Apandisit tanısı alan 482 hastanın 300'ü (%62.2) erkek, 182'si (%37.8) kadındı. Erkeklerin yaş ortalaması 30.7±12.03 iken kadınların yaş ortalaması 31.17±13.22 idi. Akut apandisit tanısı alan 482 hasta incelendiğinde; bunların 320'si (%66.4) acil serviste 0–6 saat kalırken, 143'ü (%29.7) 6–12 saat kalmıştır. Akut apandisit tanılı 482 hastanın 366'sında (%75.9) ultrasonografi bulguları akut apandisit lehineydi ve bunların da lökosit ortalaması 13.141/mm3 idi. Akut apandisit tanısı alan 482 hastanın 46'sı (%9.5) perfore apandisit tanısı almıştır. Akut apandisit tanısı alan 482 hastanın lökosit ortalaması 13.044/mm3 bulunmuştur. Akut apandisit tanılı 482 hastanın 36'sında (%7.5) hem ultrasonografi bulguları akut apandisiti desteklememiştir ve hem de lökosit değerleri 11.000/mm3 altında çıkmıştır.
Akut apandisit olgularının daha sıklıkla genç erişkin erkek popülasyonunda görüldüğü sonucuna ulaşılmıştır. Ultrasonografi bulgularının tanı ile uyumu ve lökositoz birlikteliği akut apandisit için anlamlı ve destekleyici bulunmuştur. Lökosit seviyesi ve ultrasonografi bulgularının yanında; anamnez ve fizik muayenenin de önemli ve temel olduğu sonucuna varılmıştır. Akut apandisit tanılı hastaların büyük bir bölümü acil serviste 0–6 saat takip edilmiştir.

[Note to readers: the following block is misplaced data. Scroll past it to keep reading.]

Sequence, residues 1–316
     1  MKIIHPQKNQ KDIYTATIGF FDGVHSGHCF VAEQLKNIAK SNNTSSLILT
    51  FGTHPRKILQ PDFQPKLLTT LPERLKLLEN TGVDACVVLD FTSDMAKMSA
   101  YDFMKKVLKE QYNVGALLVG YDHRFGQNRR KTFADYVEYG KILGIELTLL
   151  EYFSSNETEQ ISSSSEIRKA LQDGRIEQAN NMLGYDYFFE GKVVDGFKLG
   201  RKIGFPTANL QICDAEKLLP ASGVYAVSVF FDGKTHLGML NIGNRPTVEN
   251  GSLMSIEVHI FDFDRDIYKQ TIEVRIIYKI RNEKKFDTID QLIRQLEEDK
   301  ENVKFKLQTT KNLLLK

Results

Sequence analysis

Acute appendicitis often presents with subtle symptoms and may be confused with other conditions. However, acute appendicitis is one of the most frequent causes of acute abdominal pain. Among all the emergent intra abdominal operations in the world, appendectomies are the most commonly performed.1, 2, 3, 4
The sensitivity of the combination of diagnostic testing, physical examination, and imaging studies in diagnosing acute appendicitis is quite high.5, 6, 7 Even though these diagnostic studies are noninvasive, their accuracy has been overestimated in several studies.4, 8 Therefore, performing a thorough history and physical examination remain very important in diagnosing acute appendicitis.3, 9 Currently, there are no diagnostic tools that when used in isolation would lead to a definitive diagnosis of acute appendicitis.10, 11 Research is ongoing so to better identify acute appendicitis with laboratory testing that is noninvasive, cost-effective and practical.
The duration of time from diagnosing acute appendicitis in the emergency department (ED) to the operating table has been reported often in the literature. Yet, the time taken to determine a diagnosis of acute appendicitis by an ED physician has not yet been published. In this study, our aim was to compare length of stay in the ED for patients with acute appendicitis, and we assessed these patients’ demographic characteristics, clinical outcomes, abdominal ultrasonography results, and leukocyte counts.